A team of Italian archaeologists have discovered fossilised footprints in the desert of south eastern Eritrea, probably of Homo Erectus.

The 800,000-year-old footprints were discovered at the Aalad-Amo site in the east of the country by Alfredo Coppa, an archaeologist from Rome’s Sapienza University who led the dig and his team, with researchers from Eritrea’s National Museum. The footprints were fossilised and researchers found them when they unearthed a slab stone of 26 square metres. The shapes of the prints make specialists believe they were filled with water, since the arid desert where they were found was a very different environment 800,000 years ago. Archaeologists believe the prints were left in sandy sediments, on what was once the shore of a large lake surrounded by Savannah.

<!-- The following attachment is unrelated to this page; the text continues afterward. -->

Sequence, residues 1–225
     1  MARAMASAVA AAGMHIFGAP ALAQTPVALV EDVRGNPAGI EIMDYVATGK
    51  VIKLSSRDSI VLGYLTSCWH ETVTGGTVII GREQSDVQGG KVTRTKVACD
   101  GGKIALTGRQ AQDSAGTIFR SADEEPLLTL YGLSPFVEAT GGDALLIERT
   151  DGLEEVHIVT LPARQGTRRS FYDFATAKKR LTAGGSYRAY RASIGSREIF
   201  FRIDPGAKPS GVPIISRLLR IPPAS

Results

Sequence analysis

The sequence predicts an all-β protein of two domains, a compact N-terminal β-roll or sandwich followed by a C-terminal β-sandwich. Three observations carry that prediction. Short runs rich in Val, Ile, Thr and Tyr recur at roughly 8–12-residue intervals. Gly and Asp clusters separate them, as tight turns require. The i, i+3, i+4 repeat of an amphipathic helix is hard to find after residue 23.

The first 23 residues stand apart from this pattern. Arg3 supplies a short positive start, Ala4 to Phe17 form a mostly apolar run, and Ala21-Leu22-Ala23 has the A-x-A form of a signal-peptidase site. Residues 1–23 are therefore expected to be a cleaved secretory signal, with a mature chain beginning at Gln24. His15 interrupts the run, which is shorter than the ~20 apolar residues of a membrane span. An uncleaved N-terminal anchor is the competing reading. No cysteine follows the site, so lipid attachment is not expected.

Around the footprints archaeologists found hoof prints of an animal, probably an extinct antelope.

The prints could provide important information about our ancestors’ foot anatomy and locomotion: they show details of the toes and the sole of the foot that made them efficient at walking and running. They are aligned in a north-south direction.

According to Coppa, the area has yielded five or six different Homo Erectus specimens until now. However, fossilised footprints are extremely rare.

Although further analyses need to be performed in order for their age to be  confirmed with certainty, researchers hope the footprints will reveal a lot about the evolution of man.